This month and next, almost 20,000 U.S. students will be reporting for their first day of medical school. Guiding them through this process are almost 150,00 faculty members, many holding MD or PhD degrees, often boasting decades of experience in patient care, research, and teaching. At this time it's worth remembering, though, that our most important medical educators never went to medical or nursing school.
They are patients, the people for whom medical students are learning to care. As the great medical educator William Osler once said, medical education at its best “begins with the patient, continues with the patient, and ends with the patient.” In other words, no matter how knowledgeable and skilled our medical school faculty members, medical education centers less on what the teachers seek to teach than on what patients need future physicians to learn. As in warfare no battle plan ever survives initial contact with the enemy, so in medical education no educational blueprint supersedes contact with the patient.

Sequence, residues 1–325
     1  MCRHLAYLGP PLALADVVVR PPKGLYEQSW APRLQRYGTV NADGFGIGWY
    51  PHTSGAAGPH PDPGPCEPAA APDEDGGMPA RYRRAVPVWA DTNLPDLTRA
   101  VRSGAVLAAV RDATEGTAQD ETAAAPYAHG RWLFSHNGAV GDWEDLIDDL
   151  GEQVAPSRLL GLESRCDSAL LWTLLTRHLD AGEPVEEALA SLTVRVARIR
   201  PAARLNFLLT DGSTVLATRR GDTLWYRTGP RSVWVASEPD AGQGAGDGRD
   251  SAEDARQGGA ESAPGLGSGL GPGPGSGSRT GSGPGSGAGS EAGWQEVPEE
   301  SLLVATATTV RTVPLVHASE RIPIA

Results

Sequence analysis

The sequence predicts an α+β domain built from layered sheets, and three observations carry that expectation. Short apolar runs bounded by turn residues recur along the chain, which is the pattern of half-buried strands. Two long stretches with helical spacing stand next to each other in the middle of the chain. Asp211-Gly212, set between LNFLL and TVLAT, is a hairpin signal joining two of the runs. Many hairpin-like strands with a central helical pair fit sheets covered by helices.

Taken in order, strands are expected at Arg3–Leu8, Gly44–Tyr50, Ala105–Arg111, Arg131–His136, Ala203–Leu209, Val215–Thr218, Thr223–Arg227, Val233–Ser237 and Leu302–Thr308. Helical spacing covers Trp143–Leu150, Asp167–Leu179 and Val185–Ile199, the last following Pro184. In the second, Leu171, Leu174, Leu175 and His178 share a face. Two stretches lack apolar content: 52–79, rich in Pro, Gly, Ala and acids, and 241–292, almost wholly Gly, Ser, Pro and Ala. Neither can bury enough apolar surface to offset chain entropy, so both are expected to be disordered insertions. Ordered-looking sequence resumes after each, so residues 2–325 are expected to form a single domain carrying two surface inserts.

Tyler was a top-notch third-year medical student, beginning his first clinical rotation. At his orientation session, he was told that he would be assigned patients to see and work up prior to his attending physician. He would interview them, examine them, look up their test results, write a note in their chart, and then present them to the attending physician, making recommendations for further diagnostic evaluation and treatment. Once he actually arrived at the hospital, however, he found things to be quite different. No one assigned him patients. His attending physicians were usually too busy to review his notes and listen to his presentations. In almost every case, the diagnosis was already known and the treatment plan had already been formulated before he arrived on the scene.